You may or may not know me. This might be the first time that you’re reading my blog. I usually keep things pottery focused, but are things in my personal life that are too intertwined to separate out – they are too much a part of me and a part of my work. I needed to write this for me. I needed to put this into words for Ayrie. No matter how hard or how imperfect it would be. This experience is part of who I am and shapes every aspect of my life. My journey over the past two years has been long and will continue on for the rest of my life. I have never experienced grief like this before. A loss like this is not something that you get over. I don’t want to get over it. That would feel like forgetting. But I have tried to figure out how to get up each day and try to live them in a way that honors the spirit of Ayrie. I thought I would share some of what I have learned through my grieving process.
You will never regret the time that you spend with the people you love. During the darkest moments after Ayrie’s passing, I was able to hold onto the knowledge that I had made Ayrie a priority in my life. I spent so much time with him. Sharing a bowl of cereal in the morning, going out to eat at the “meatball store” (aka Ikea) or sitting together in my studio each of us with our own piece of clay. It doesn’t have to be a big deal. Just time together. I wish with all of my heart that we had more time together. But I am so grateful that I had as much time with him as I did. And I try to continue to live my life in this manner. Being with the ones that I love.
Grief and joy can coexist. This was a hard one for me. But I knew that it was something that I had to come to terms with quickly. I had to be present and in the moment for my nephew Shiya, Ayrie’s little brother. He needed to both learn how to cope with this loss of his brother – his idol – and also have a childhood that was as carefree and happy as it possibly could be. And I also knew that I was going be having a baby in 6 months – something that is a joyous, emotional rollercoaster anyway, and I had to figure out how to be happy and also be ok with being sad. I found that once I really embraced that grief and joy could coexist, I would find myself sharing a story, in tears… and then end up, by the end, laughing and remembering something silly that Ayrie had done. I had to really give myself permission to let these two seemingly opposite emotions coexist.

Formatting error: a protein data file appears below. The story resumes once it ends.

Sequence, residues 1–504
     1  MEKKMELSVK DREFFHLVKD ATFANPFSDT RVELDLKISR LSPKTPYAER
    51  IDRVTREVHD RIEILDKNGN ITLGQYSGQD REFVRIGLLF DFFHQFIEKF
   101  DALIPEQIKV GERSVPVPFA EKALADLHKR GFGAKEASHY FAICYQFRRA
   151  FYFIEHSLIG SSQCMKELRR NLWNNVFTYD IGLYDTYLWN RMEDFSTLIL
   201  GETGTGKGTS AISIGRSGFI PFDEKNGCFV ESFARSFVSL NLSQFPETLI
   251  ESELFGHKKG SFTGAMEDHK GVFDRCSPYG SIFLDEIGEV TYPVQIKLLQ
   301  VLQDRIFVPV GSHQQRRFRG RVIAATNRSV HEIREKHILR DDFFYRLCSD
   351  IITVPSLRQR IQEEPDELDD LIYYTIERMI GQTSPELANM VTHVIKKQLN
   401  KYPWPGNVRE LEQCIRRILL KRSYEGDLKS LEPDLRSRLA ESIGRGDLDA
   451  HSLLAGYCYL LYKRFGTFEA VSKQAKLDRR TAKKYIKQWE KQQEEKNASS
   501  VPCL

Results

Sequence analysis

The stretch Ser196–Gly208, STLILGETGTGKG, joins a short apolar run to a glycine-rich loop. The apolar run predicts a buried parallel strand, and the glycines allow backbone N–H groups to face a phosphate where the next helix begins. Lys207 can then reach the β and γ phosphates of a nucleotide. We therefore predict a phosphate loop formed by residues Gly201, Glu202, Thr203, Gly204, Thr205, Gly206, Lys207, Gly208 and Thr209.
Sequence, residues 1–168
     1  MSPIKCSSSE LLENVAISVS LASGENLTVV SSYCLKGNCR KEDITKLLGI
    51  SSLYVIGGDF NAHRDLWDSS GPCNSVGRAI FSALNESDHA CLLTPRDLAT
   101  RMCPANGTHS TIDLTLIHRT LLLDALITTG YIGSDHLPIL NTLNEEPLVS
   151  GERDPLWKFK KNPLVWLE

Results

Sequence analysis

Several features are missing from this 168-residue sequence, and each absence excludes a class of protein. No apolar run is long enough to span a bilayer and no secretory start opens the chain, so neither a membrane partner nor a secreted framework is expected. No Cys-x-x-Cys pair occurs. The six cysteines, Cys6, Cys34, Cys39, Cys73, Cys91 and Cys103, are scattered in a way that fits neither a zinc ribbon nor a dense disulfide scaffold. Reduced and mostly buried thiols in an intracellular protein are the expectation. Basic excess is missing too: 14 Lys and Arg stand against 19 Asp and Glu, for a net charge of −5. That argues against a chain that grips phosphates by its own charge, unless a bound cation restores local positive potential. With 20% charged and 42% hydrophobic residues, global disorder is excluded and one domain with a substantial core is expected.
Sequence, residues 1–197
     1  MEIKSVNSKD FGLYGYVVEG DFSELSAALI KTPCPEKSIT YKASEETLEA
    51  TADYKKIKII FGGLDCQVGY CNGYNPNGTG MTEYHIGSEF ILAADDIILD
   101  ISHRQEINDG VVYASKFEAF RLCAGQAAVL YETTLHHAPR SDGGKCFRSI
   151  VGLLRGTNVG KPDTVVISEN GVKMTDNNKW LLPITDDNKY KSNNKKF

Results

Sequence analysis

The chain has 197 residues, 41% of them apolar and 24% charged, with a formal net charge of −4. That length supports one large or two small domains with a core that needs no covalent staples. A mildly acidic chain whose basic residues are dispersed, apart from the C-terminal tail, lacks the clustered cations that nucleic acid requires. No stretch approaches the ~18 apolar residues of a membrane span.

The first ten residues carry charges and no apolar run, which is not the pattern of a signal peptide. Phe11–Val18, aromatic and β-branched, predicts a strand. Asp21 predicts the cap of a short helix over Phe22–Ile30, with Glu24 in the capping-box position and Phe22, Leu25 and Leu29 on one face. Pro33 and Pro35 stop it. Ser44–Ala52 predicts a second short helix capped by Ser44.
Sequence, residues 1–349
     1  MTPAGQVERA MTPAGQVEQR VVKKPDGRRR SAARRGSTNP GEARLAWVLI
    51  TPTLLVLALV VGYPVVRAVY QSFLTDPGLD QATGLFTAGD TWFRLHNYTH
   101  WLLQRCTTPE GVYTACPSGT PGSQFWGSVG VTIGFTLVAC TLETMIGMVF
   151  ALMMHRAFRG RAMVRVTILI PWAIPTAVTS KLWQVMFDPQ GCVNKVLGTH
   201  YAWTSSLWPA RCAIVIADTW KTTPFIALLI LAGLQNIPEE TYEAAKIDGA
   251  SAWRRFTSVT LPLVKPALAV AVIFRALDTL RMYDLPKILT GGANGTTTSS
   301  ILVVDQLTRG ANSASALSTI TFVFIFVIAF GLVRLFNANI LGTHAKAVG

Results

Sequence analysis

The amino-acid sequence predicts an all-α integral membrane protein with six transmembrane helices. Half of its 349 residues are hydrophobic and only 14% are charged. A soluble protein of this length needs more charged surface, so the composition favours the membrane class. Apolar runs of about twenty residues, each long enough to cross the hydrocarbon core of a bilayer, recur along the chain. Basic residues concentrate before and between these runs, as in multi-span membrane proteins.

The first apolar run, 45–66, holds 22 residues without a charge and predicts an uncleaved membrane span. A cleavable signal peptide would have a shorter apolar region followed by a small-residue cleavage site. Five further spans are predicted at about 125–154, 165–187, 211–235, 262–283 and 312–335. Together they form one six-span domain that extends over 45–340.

Every person grieves in a different way. No one way is better or worse than another. It’s just different and personal. If you don’t embrace this, it can push you apart from the people that you need most. My husband, Ian, and I have a duplex. We live on the upper floor and my sister and her boys lived on the 1st floor. (My sister has since bought the house next door to us.) Ayrie would refer to all of us as his “whole house family.” We all have grieved in our own way. And I think we have all done a really good job at honoring one another’s process of grieving. I have learned through grief counseling (which I’ll talk more about later) that often the conflict that arises within families about their differing ways of dealing with a loss can be what really pushes people apart. But we have consciously tried to respect each other’s journey. My sister has written a lot. She says that it really has flowed out of her, sometimes she just starts to write and release… rarely going back over what she has written because she is writing what she feels compelled to write. I found it harder than ever to write. But she found it easier than ever. I encourage you to read through her posts on her family blog.
You will discover a community of people to support you. But you have to be open to accepting it. This was an unexpected, wonderful thing. In the days after Ayrie passed, moms from Ayrie’s school show up to clean our house and comfort us. For many months, we had meals and groceries provided to us by friends and family. It was hard to function at any level, so it was truly wonderful to have such nourishment show up at our door. Flowers left at on the front steps. And so many cards, notes, texts and phone calls from friends, family and acquaintances and total strangers. I never thought that I would actually make friends during such a hard time.